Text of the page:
Select two or more treatments of the same issue, problem, or research. For example, you might bring in an article on a new diet drug from USA Today, The Wall Street Journal, and the Journal of Dietetics. Ask students to write about what constitutes proof or facts in each article and explain why the articles draw on different kinds of evidence, as well as the amount of evidence that supports stated conclusions.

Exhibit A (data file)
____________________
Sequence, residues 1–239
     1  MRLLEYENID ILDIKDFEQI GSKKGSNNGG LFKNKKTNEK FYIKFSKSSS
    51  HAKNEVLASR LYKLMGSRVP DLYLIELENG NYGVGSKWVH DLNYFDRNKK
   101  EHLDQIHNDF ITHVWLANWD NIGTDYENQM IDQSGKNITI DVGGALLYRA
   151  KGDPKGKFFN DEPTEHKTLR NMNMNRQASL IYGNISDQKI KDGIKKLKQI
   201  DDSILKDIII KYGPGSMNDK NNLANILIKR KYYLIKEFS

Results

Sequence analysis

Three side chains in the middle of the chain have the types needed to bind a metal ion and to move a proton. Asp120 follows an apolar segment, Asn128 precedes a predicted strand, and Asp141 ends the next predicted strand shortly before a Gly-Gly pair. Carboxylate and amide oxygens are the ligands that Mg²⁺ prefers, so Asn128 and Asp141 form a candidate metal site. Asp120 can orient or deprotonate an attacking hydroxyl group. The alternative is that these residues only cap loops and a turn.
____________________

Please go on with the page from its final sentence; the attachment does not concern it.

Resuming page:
Alternatively, ask students to look at a range of publications within a discipline--trade journals, press releases, scientific reports, first-person narratives, and so on. Have them ask the same kinds of questions about evidence and the range of choices writers make as they develop and support arguments in your field.